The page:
Immunophenotypes of CVID patients with and without NRH who underwent TE were evaluated (Supplementary Table 2). CVID patients with NRH had lower naïve CD4+CD45RA+ T cells, by both absolute count and percentage (84 vs. 276, cells/μl, 18% vs. 43%; p = 0.04). There were no significant differences in the remainder of lymphocyte subsets, immunoglobulin levels, or T-cell functional studies analyzed, although there was a trend towards lower class-switched memory B cells in CVID patients with NRH (1.4% vs. 3.1%; p = 0.11).

Clinical complications and immunoglobulin treatment differences among CVID patients with and without NRH who underwent TE were compared (Supplementary Table 3). A larger proportion of CVID patients with NRH had autoinflammatory complications compared to CVID patients without NRH (83% vs. 17%; p = 0.01). Specifically, CVID patients with NRH more often had additional diagnoses of GLILD and lymphadenopathy as compared to CVID patients without NRH (67% vs. 0%; p = 0.01, 58% vs. 0%; p = 0.04, respectively). In addition, there was a trend toward a higher dose per body weight of replacement immunoglobulin in those with NRH, compared to those without (mean 699 vs. 485, mg/kg/month; p = 0.05). Consistent with these immunophenotypic and clinical data, all (N = 12) CVID patients with NRH met the classification for complicated CVID, while only 1 of 6 CVID patients without NRH similarly met the classification for complicated CVID (Supplementary Table 1).

Finally, we compared markers of liver disease in CVID patients with and without NRH who underwent TE (Supplementary Table 4). We identified higher levels of AST (54 vs. 26, U/L; p < 0.01), ALP proximal to TE (250 vs. 100, U/L; p = 0.03), peak ALP (314 vs. 114, U/L; p = 0.02), albumin (4.3 vs. 3.9, g/dl; p = 0.02), and total bilirubin (0.75 vs. 0.35, mg/dl; p = 0.01) in CVID patients with diagnosed NRH compared to those without NRH. Several markers of portal hypertension additionally were associated with diagnosed NRH, including increased splenic longitudinal diameter (16.6 vs. 11.2, cm; p = 0.02), presence of any grade varices (67% vs. 0%; p = 0.04), and clinical portal hypertension diagnosed in the electronic medical record (83% vs. 0%; p < 0.01).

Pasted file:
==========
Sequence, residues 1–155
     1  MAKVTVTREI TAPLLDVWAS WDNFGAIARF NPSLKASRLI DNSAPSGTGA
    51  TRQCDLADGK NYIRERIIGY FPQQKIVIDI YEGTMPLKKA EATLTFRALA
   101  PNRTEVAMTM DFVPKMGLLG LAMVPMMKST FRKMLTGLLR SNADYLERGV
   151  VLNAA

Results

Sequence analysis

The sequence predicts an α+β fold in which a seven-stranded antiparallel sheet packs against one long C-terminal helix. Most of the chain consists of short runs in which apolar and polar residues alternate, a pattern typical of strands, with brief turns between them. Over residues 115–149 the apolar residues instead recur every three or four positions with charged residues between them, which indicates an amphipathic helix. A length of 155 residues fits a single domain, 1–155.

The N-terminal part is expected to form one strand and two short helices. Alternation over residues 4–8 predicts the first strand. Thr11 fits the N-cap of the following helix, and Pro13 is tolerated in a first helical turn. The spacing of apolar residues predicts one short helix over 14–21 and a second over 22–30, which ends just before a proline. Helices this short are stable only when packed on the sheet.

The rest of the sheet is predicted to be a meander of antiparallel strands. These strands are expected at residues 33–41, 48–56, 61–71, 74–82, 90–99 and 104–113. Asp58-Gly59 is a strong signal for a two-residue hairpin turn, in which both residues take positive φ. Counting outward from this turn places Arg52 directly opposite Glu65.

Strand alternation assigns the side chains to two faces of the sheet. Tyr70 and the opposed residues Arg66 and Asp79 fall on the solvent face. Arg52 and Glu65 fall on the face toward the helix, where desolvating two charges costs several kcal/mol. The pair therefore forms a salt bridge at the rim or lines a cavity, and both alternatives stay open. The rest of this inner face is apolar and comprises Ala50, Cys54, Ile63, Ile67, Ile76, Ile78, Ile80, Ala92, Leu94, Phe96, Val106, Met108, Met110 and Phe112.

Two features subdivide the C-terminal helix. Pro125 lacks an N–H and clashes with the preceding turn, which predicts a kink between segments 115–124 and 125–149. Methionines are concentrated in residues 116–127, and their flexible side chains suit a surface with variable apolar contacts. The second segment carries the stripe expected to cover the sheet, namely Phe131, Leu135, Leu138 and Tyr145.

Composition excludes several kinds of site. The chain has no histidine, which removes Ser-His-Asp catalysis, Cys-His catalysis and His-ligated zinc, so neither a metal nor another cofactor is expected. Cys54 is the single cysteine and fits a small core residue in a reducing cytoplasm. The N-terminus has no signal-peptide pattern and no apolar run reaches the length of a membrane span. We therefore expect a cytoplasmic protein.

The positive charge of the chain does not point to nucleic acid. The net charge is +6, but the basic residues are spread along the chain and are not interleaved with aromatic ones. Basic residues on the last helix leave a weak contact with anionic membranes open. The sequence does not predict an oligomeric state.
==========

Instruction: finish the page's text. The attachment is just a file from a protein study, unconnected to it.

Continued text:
Patients With Common Variable Immunodeficiency and Nodular Regenerative Hyperplasia Have Elevated Liver Stiffness by Transient Elastography

Next, we compared measures of liver stiffness by TE among CVID patients with and without NRH. As an additional disease comparator, we included a cohort of patients followed up at our center for NAFLD, a disease where TE is already used in routine clinical diagnosis. We identified a significantly higher measure of liver stiffness in CVID patients with NRH compared to CVID patients without NRH and non-CVID patients with NAFLD (Figure 1). CVID participants with diagnosed NRH had a mean liver stiffness of 13.2 (± 6.2) kPa and a median liver stiffness of 11.9 (8.4–18.1) kPa. In contrast, CVID participants without NRH had a mean liver stiffness of 4.6 (± 0.9) kPa and median liver stiffness of 4.6 (4.1–5.3) kPa (p = 0.01, CVID with NRH vs. without NRH). Finally, non-CVID NAFLD patients had a mean liver stiffness of 6.9 ( ± 5.5) kPa and median liver stiffness of 5.5 (4.3–7.1) kPa (p < 0.01, CVID with NRH vs. NAFLD). Liver stiffness was positively correlated with CAP measurements, although this relationship was not significant (r = 0.53; p = 0.12) (Supplementary Figure 1).

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Figure 1 Liver stiffness by transient elastography is significantly elevated in CVID patients with NRH. Liver stiffness measurements (kPa) by transient elastography shown as mean (± SD) in CVID patients with biopsy-proven NRH (CVID + NRH, N = 12), CVID patients without NRH (CVID, N = 6), and non-CVID patients with non-alcoholic fatty liver disease (NAFLD, N = 527). Significance by one-way ANOVA with Tukey’s post-hoc correction; *, p = 0.01; **, p < 0.01. Red dotted line indicates a diagnostic cutoff value for liver stiffness of 6.2 kPa (defined using the ROC curve in Figure 4). CVID, common variable immunodeficiency; NRH, nodular regenerative hyperplasia; ROC, receiver operating characteristic.

Liver Stiffness by Transient Elastography Does Not Correlate With Any Specific Histopathologic Feature of Nodular Regenerative Hyperplasia Among Common Variable Immunodeficiency Patients